7. Attitude change • Receiver characteristics • “Involvement” --> greater motivation... • Personal relevance • Defending pre-existing attitude • Express values • Intermediate levels of self-esteem --> change • Mood • Source characteristics • Message clarity x source credibility (interaction with ‘motivation’) • In group v. out group

  8. Attitude change, 2 • Message characteristics • Fear arousal: Rogers’ protection motivation theory • Basic message x receiver effects: • Seriousness of message; • personal susceptibility; • outcome expectancies; • efficacy expectancies • Framing; • Context effects • Gain v. loss & reflection effect

  9. Basic models • Triandis [belief x affect] + belief 2 x affect 2].... = behavioral disposition • Fishbein [belief x value] + [belief2 x value2].... [norm x value] + [norm2 x value2].... • Ajzen; theory of Planned Behavior Self efficacy Behavioral intention Behavioral disposition Habit

  10. Psychosocial challenges for health behavior:Informational / Cognitive • Complexity and non-stability of health related information • “Press conference” science • Food industry influence on HHS information • “Food pyramid” complexity • Credibility of multiple information sources • The WEB and informational tunneling • Powerful cognitive message effects • Framing: (in)congruence with approach / avoidant attitudes • Gain / loss: gain framing >> loss framing. • Cognitive salience of competing messages • Powerful anchoring effects of even trivial information • Social norms • “Fat” norms • Culturally – specific norms; e.g., Gay community & drug use.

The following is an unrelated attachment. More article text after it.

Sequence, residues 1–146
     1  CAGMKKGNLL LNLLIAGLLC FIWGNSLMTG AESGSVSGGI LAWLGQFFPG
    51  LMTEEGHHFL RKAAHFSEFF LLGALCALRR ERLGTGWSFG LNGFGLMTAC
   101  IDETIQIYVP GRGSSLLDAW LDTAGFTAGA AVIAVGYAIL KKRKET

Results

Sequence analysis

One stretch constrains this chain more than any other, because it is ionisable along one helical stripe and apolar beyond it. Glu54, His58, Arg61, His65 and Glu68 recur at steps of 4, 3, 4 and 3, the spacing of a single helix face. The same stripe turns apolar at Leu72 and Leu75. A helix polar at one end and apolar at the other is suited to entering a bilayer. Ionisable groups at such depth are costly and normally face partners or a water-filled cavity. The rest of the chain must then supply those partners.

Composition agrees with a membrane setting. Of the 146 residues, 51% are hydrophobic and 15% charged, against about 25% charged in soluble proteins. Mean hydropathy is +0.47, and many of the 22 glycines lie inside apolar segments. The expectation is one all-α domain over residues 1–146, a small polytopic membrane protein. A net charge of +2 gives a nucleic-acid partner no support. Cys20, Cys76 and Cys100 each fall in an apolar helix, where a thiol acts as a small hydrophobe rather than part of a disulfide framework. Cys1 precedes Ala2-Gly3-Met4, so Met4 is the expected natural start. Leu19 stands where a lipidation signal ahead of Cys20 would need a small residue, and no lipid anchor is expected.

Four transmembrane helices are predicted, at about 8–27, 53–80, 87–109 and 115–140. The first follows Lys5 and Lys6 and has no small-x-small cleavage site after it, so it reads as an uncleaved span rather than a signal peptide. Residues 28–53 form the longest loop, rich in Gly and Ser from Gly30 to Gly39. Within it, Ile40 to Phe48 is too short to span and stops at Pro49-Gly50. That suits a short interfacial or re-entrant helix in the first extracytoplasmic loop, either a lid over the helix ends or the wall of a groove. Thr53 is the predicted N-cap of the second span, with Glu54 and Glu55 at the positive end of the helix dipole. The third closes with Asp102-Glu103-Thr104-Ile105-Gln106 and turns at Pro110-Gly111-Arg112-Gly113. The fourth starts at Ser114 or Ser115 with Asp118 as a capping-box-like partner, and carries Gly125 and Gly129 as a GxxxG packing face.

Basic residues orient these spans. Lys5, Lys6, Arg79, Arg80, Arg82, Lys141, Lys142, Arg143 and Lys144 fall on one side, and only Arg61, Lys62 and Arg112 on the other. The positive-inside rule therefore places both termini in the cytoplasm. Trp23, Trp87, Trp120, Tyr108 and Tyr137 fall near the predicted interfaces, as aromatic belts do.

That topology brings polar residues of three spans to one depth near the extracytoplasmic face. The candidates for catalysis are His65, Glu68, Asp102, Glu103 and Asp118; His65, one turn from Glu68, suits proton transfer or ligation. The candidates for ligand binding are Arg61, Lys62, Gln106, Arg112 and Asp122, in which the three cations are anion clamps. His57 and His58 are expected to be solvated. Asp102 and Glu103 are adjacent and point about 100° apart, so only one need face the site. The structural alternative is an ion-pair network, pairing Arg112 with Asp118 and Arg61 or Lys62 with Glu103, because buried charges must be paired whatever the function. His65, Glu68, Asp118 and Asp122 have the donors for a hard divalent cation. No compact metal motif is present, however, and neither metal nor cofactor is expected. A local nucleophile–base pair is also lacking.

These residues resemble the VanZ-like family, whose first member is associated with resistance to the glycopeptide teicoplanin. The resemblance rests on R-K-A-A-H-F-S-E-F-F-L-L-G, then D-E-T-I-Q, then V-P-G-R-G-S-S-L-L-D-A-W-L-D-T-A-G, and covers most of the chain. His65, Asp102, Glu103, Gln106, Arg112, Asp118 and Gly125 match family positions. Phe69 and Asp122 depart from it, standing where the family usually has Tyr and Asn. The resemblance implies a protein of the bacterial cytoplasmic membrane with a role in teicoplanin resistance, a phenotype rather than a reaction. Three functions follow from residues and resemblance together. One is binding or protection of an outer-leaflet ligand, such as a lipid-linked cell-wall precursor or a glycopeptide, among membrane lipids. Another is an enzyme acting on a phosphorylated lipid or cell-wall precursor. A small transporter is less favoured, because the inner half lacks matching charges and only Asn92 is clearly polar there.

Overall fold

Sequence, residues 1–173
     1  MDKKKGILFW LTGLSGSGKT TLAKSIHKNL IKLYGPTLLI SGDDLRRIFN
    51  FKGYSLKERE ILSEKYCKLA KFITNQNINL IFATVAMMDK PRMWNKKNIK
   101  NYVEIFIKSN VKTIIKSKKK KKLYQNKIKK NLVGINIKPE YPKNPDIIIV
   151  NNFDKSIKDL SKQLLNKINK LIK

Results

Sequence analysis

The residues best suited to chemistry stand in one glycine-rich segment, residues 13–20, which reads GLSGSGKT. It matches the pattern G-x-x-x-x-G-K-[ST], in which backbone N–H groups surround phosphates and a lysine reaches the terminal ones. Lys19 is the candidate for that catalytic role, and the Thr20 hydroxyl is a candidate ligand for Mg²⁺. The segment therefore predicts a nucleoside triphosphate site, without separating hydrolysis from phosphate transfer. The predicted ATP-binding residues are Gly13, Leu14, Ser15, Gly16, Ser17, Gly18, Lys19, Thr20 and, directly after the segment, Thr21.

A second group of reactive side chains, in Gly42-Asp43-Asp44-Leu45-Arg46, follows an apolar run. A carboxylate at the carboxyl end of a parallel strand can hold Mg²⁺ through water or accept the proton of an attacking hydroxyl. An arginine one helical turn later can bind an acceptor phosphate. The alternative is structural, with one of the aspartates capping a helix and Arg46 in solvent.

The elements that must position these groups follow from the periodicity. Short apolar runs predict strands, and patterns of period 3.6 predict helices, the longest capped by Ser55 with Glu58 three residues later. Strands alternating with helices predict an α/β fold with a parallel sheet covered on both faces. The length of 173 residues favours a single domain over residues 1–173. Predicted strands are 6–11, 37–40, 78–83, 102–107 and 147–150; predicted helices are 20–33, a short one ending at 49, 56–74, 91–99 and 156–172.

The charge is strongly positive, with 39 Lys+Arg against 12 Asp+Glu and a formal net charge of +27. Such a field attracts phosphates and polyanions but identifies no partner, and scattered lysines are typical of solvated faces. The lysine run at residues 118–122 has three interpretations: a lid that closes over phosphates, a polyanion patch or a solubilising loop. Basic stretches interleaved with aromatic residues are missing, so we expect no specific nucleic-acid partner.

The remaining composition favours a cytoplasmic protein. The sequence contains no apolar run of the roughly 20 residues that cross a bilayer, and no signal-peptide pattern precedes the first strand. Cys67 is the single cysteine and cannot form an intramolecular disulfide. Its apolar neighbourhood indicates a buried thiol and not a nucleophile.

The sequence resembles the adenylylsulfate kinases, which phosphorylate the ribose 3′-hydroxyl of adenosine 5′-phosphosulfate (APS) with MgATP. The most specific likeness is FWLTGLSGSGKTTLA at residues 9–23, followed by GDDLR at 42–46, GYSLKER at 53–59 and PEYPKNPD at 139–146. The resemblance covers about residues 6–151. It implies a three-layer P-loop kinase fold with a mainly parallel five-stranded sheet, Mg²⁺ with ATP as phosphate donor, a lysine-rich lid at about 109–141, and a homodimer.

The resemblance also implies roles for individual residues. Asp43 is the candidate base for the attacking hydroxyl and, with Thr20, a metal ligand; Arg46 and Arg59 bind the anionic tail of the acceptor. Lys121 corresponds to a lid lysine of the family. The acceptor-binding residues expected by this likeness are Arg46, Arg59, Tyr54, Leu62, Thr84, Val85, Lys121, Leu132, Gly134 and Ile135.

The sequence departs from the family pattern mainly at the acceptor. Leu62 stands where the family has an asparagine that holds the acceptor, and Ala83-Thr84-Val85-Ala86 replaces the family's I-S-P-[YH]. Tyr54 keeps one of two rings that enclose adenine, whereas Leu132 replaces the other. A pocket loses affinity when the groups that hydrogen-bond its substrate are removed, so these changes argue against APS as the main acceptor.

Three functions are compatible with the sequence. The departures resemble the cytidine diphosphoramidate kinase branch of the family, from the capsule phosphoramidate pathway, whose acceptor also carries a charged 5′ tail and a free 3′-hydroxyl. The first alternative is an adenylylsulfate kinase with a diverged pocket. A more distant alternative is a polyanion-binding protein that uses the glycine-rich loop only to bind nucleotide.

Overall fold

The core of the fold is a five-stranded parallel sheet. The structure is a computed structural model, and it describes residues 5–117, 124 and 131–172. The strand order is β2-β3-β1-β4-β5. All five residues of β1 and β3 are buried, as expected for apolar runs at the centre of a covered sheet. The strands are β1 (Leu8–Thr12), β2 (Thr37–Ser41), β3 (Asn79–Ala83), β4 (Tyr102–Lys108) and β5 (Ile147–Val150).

11. Psychosocial challenges for health behavior:Affective • “Hot” information and cognitive or behavioral avoidance • Cf: Miller C-SHIP model • HIV testing data, cancer screening, etc. • Cognitive avoidance in chronic disease • Self-efficacy: Fear of difficulty of behavioral change • “Demotivating” effects of negative mood • “Strategic” use of negative health behavior to enhance mood enhancing • “Denial” of health threat via group membership • Outgroup stereotypes and perceived non-vulnerability • Peer & cultural conformity pressure toward (or ‘not against’) health threats

  12. Psychosocial challenges for health behavior:Behavioral • Difficulty of delaying gratification, decreasing “stimulus boundedness” • “Automaticity”, cognitive capacity, and real limitations on cognitive control over behavior • Self-monitoring and self-regulation needed to process and follow health information • “Self-regulation capacity” models • 7 +2 informational capacity • Real difficulty of health alternatives • “Food deserts” • Violent neighborhoods / build environment & exercise availability • American industrial food system • Outcome & efficacy expectancies

  13. Self-Regulation • Core elements: • Goal setting • Self-evaluative reactions • Self-efficacy for goal-related behavioral performance

  14. Self-regulation elements: 1. Goal setting • Stable “action schema” or “script” • Abelson: “automatic” behavioral scripts • Higgins: discrepancies between “actual”, “ideal” & “ought” selves • Modest ideal  actual: intrinsic motivation for goals • Modest ought actual: extrinsic motivation for goals • Strong ideal  actual: guilt, anxiety • Strong ought actual: depression, helplessness • Goals as preferences: Ajzen attitude models • Goals and Action Identification • Higher-order identification: generalized values • Lower-order ID: concrete behaviors • Houston: shifts in ID to serve self-regulation